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May 25, 1990


The opinion of the court was delivered by: James C. Francis IV, United States Magistrate.


The parties to this action have consented to proceed before a United States Magistrate pursuant to 28 U.S.C. § 636(c). Two motions are currently pending: the plaintiff's motion for a preliminary injunction and the defendant's motion to disqualify plaintiff's counsel.*fn1 For the reasons that follow, the plaintiff's motion is granted and the defendant's motion is denied.


Vestron, Inc. ("Vestron"), the plaintiff in this action, produces and distributes video programs. In 1985, the National Geographic Society ("the Society") granted Vestron an exclusive license for domestic home video rights for the Society's well known television documentaries. (Pl. exh. 4). Pursuant to this agreement, the Society provided master tapes from which Vestron produced and duplicated videocassettes for distribution in the United States and English-speaking Canada. In addition, Vestron sold cassettes back to the Society at $13.75 per unit, and the Society then resold these to its members through a video club solicitation.

In 1987, the Society began exploring the possibility of distributing videocassettes of its programs in certain foreign territories. A number of potential distributors, including Vestron, submitted proposals. Vestron's bid included not only plans for foreign distribution, but also the offer of a concession on its domestic contract with the Society, lowering the price from $13.75 to $10.00 for each cassette sold back to the Society.

Vestron's proposal dated December 8, 1987, stated that "Vestron distributes and sells directly to the video trade in every major international video market with its own sales force. Local offices are in full operation in: London, England; Stockholm, Sweden; Brussels, Belgium; Munich, West Germany; Utrecht, Netherlands; Tokyo, Japan; Sydney, Australia; Paris, France." (Pl. exh. 14, Proposal at 3).

In recommending acceptance of Vestron's bid, Tim Kelly, the Society's associate director for television, stated:

  Vestron has submitted a revised bid for home video
  distribution in certain foreign territories (primarily
  Western Europe and Australia). The bid is a good one,
  combining price concessions which lower the Society's
  cost for obtaining videos for the National Geographic
  Video Club, with a strong proposal for distribution in
  the foreign territories.

(Pl. exh. 1). The analysis upon which Mr. Kelly relied found that Vestron's bid was economically preferable to the next best offer because of the price concession on the domestic agreement. (Id.). Mr. Kelly also argued that "Vestron has a full service international distribution operation based in London, with 7 other offices, and staffed by approximately 170 people worldwide." (Id.).

The Society ultimately accepted Vestron's bid, and by a Memorandum of Agreement dated July 22, 1988, Vestron received the rights to sixty titles, to be released over a period of six years. (Pl. exh. 2). The territories covered were France and certain French-speaking territories, non-Italian speaking Switzerland, Austria, East and West Germany, Liechtenstein, the Benelux countries, Australia and New Zealand, Scandinavia, Spain, Portugal, and Greece. (Id.). The Society was guaranteed $1,000,000, to be paid in annual installments of $200,000, and it was entitled to royalties of seventeen percent of gross receipts. (Id.). On the domestic side, Vestron agreed to lower the price that it charged for videotapes purchased by the Society itself to $10.00, and the term of the domestic agreement was extended for a year. (Id.).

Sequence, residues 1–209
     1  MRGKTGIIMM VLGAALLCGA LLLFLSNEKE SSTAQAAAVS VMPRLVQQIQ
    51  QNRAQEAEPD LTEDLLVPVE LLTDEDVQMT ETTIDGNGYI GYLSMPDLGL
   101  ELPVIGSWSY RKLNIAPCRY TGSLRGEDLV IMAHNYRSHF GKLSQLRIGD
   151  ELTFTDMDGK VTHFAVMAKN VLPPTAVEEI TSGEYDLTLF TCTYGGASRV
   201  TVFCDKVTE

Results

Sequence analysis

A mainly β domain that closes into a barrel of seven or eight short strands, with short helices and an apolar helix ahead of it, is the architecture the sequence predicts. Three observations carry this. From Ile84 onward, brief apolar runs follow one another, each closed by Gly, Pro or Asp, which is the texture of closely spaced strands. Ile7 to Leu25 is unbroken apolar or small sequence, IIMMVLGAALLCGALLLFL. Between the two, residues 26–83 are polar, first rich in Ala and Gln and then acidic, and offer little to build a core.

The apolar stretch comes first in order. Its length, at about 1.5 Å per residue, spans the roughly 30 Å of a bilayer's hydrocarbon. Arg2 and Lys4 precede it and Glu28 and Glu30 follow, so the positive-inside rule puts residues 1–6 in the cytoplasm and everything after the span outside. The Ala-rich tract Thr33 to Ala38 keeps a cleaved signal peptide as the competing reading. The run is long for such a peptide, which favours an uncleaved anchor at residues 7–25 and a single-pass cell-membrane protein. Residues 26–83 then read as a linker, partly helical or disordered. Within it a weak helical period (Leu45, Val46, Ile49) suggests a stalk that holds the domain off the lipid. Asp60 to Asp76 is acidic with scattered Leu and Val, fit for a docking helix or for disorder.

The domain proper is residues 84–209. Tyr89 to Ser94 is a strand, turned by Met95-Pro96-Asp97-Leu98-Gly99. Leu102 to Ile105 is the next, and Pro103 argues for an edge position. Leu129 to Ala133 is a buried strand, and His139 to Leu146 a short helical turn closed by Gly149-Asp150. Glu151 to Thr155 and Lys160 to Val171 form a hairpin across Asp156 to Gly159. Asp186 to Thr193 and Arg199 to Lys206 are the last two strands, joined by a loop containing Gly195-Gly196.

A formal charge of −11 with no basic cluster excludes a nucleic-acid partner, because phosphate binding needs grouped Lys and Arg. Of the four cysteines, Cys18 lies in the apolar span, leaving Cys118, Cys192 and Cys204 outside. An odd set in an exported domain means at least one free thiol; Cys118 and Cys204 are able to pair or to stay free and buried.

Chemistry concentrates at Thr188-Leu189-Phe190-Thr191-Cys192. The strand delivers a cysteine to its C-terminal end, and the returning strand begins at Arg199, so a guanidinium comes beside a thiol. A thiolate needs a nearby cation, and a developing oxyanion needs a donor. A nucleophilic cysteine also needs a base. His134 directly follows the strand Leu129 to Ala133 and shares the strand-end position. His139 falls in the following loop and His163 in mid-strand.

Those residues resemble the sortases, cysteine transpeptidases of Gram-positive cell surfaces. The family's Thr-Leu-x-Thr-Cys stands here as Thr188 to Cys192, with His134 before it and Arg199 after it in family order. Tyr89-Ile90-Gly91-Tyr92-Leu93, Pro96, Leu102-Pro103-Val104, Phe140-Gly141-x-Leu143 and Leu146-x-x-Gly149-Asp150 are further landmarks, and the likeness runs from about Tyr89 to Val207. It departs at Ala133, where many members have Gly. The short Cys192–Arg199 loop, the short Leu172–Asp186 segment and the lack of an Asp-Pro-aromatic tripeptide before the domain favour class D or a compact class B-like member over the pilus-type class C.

Following execution of the Memorandum of Agreement, the parties performed under the modified terms of the domestic arrangement, with Vestron providing finished cassettes to the Society at the lower price. (Tr. 64-65, 234).*fn2 However, the Memorandum of Agreement specifically contemplated the drafting of a more formal document reflecting the agreed upon terms. (Pl. exh. 2).

Prior to execution of the long-form contract, the parties had additional communications about the plans for foreign distribution. First, in a meeting in Vestron's offices in Stamford, Connecticut in September, 1988, Vestron described how the European operation would be coordinated by Locus Video Group, B.V. ("Locus"), its affiliate in Utrecht. (Tr. 107-08). Next, a meeting was set for May 3, 1989, both to prepare for signing of the long-form contract and to allay the Society's concerns about Vestron's financial health. (Tr. 110). In preparation for this meeting, Vestron developed a document entitled "Home Video Launch Plan" that described its plans for initiating distribution. This document included details of a "hub" arrangement, with each of seven market territories coordinated from a different hub office. (Pl. exh. 15 at 2, 4-5). In the first draft of this document presented to the Society, the Scandinavian hub was located in Stockholm (Def. exh. D. at 4), while in the revised version, this territory was to be coordinated from a London office. (Pl. exh. 15 at 4). In both drafts, the territories of Spain, Portugal, and Greece were to be subject to oversight from Vestron's Los Angeles office. (Id. at 5; Def. exh. D at 6). At the May 3 meeting, it was projected that the Society's first foreign distribution would be undertaken simultaneously in each territory in September, 1989 and would be coordinated from Locus in Utrecht. (Tr. 118-22). In addition, Jon Peisinger, Vestron's President, acknowledged that Vestron was seeking additional financing, but assured the Society that it would be forthcoming. (Tr. 122-23).